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Paris attacks centre-stage as world leaders meet in Turkey

How will the world respond to bloodshed now extending far beyond the Middle East? [Getty]

Date of publication: 15 November, 2015

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The leaders of the world's 20 top economies are meeting for a summit in Turkey that is expected to be dominated by the fight against extremists following the Paris attacks.

World leaders gathering for a major summit in the shadow of a horrifying terror spree in Paris are looking to answer a critical question: Beyond tough talk, how will the world respond to bloodshed now extending far beyond the Islamic State group's foothold in the Middle East?

The spectre of the Islamic State threat and Syria's civil war is hanging over the Turkish seaside city of Antalya as leaders descend for the Group of 20 summit of leading rich and developing nations.

President Barack Obama planned to discuss the IS threat with Turkish President Recep Tayyip Erdogan on Sunday. Leaders attending the summit were also to take up the issue of terrorism during a working dinner in the evening.

The worst bloodshed in France since cast a pall over preparations for the two-day summit of the Group of 20 major economies that begins on Sunday and is due to be attended by heads of state including President Barack Obama and Russian President Vladimir Putin.   

     We are now at a point where words end in the fight against terrorism. Turkish President Erdogan


French President Francois Hollande has pulled out of the meetings but told Erdogan by phone that his foreign and finance ministers would attend, Turkish presidential sources said.

At least 127 people were killed as bombers and gunmen went on a rampage across the French capital overnight, targeting a concert hall, restaurants, bars and a sports stadium.

"We are now at a point where words end in the fight against terrorism. We are now at a stage where this should be put at the forefront," Erdogan told reporters ahead of the summit, also due to be attended by leaders from Europe, China, Japan, Canada, Australia and Brazil, among others.

Although the G20 usually focuses on economic issues, the fight against terrorism was already expected to be on the agenda. The summit comes two weeks after a suspected bomb attack on a Russian airliner killed 224 people in the Sinai Peninsula.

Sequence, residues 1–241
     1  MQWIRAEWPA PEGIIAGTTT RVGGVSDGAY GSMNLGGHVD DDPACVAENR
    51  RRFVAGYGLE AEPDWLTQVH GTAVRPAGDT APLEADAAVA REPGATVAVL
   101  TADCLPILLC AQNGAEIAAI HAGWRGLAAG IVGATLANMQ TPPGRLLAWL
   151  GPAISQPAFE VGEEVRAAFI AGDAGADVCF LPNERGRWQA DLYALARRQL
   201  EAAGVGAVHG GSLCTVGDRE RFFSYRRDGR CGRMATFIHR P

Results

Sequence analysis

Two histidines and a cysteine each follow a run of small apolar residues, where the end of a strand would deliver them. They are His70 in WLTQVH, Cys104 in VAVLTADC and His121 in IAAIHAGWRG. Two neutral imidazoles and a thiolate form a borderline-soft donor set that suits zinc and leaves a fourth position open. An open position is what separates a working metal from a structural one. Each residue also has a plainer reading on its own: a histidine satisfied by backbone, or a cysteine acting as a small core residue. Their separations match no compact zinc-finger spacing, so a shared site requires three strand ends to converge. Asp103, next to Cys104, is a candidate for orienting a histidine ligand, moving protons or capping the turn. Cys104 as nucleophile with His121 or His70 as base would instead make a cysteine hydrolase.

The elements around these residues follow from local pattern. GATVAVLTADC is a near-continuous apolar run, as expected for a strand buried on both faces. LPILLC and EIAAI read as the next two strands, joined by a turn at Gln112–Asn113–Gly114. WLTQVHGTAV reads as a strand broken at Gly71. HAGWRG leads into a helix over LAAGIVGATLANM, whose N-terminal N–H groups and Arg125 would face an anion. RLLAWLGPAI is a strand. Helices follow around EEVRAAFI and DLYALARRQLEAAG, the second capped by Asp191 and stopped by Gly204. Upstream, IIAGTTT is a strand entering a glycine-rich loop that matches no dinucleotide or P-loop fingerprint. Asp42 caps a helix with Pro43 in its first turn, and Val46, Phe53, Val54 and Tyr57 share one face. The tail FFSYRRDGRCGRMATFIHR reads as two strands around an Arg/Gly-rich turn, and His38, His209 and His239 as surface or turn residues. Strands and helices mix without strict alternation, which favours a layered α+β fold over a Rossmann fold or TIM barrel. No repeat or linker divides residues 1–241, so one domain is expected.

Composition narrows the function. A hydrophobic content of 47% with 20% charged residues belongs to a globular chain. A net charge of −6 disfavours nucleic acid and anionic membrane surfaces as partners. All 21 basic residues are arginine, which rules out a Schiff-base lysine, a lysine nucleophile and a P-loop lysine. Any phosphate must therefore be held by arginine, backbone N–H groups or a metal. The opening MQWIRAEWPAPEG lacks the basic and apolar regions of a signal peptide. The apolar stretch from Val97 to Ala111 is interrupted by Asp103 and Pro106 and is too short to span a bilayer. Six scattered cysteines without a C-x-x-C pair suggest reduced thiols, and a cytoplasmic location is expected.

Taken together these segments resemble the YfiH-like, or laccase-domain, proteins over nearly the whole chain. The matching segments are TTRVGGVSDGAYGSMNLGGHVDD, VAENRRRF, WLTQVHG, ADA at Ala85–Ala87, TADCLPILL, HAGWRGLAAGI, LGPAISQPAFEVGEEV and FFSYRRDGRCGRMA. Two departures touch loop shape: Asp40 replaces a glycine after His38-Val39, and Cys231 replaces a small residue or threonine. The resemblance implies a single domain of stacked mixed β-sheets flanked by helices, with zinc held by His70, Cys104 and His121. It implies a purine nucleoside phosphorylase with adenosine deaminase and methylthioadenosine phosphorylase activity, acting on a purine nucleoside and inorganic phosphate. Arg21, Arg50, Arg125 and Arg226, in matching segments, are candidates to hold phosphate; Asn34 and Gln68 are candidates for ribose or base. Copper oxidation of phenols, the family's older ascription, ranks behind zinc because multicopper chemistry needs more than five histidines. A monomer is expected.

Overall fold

It also comes just over a month after two suspected Islamic State suicide bombers blew themselves up at a peace rally in the Turkish capital Ankara, killing more than 100 people in the worst such attack in the country.

     French President Francois Hollande has pulled out of the meetings.


Events such as the attacks in Paris made it crucial for the world's top economies to stand shoulder to shoulder at the summit, China's vice finance minister said.

French President Francois Hollande has pulled out of the meetings but told Erdogan by phone that his foreign and finance ministers would attend, Turkish presidential sources said.  

Speaking to Russian and Turkish media before his trip to the G20 summit in Turkey, Putin said Russian forces have a "clear task to provide air support for the Syrian army's offensive against terrorists." He added that "the time of our military's stay will be determined exclusively by the fulfillment of that goal."  

Putin earlier dismissed the claims by the US and its allies that Russian warplanes have mostly targeted moderate opponents of Syrian President Bashar Assad instead of their declared main target, the Islamic State group.

President Barack Obama will meet with the leaders of Germany, Britain, Italy and France on the sidelines of the Group of 20 summit in the hope of making "incremental progress" in the fight against the Islamic State group, the White House said.  But Susan Rice, Obama's national security adviser, suggested a major breakthrough was unlikely.

"I don't think anybody expects a single outcome that all of a sudden readily resolves all of these difficult issues," Rice said.

     Putin has re-emerged as a key player in the Syria conflict.

Russia, which is circulating a new proposal to end the Syrian conflict, won't participate in the meeting in Turkey, and Obama had no plans to hold a formal meeting with Russian President Vladimir Putin while both are in Antalya.  Still, Rice said Obama and Putin would have "ample opportunity for discussion" during informal run-ins at the summit.

Efforts by the US  and European countries to punish Russia with economic sanctions have done little to change Putin's approach in Ukraine.

And in recent weeks, Putin has re-emerged as a key player in the Syria conflict, opening an air campaign against groups fighting Syria's government and now drafting a plan for a lengthy political transition.   

 

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